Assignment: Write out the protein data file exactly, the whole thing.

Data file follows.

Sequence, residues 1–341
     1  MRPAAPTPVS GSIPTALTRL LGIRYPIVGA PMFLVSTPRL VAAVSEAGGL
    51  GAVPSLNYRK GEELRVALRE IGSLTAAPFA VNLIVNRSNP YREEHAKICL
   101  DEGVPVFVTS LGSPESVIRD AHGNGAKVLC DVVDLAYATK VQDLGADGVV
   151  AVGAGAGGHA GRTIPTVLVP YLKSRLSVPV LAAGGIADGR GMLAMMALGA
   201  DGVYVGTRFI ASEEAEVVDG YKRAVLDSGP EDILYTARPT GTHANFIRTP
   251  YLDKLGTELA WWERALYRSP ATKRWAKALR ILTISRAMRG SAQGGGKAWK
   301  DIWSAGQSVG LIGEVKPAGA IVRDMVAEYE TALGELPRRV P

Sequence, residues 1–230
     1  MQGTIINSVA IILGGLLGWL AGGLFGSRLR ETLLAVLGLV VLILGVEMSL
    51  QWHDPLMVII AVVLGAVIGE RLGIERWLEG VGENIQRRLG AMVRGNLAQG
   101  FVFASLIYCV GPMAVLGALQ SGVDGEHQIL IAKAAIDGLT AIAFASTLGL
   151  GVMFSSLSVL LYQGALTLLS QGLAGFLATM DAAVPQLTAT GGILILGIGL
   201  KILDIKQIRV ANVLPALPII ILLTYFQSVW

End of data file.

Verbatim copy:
Sequence, residues 1–341
     1  MRPAAPTPVS GSIPTALTRL LGIRYPIVGA PMFLVSTPRL VAAVSEAGGL
    51  GAVPSLNYRK GEELRVALRE IGSLTAAPFA VNLIVNRSNP YREEHAKICL
   101  DEGVPVFVTS LGSPESVIRD AHGNGAKVLC DVVDLAYATK VQDLGADGVV
   151  AVGAGAGGHA GRTIPTVLVP YLKSRLSVPV LAAGGIADGR GMLAMMALGA
   201  DGVYVGTRFI ASEEAEVVDG YKRAVLDSGP EDILYTARPT GTHANFIRTP
   251  YLDKLGTELA WWERALYRSP ATKRWAKALR ILTISRAMRG SAQGGGKAWK
   301  DIWSAGQSVG LIGEVKPAGA IVRDMVAEYE TALGELPRRV P

Sequence, residues 1–230
     1  MQGTIINSVA IILGGLLGWL AGGLFGSRLR ETLLAVLGLV VLILGVEMSL
    51  QWHDPLMVII AVVLGAVIGE RLGIERWLEG VGENIQRRLG AMVRGNLAQG
   101  FVFASLIYCV GPMAVLGALQ SGVDGEHQIL IAKAAIDGLT AIAFASTLGL
   151  GVMFSSLSVL LYQGALTLLS QGLAGFLATM DAAVPQLTAT GGILILGIGL
   201  KILDIKQIRV ANVLPALPII ILLTYFQSVW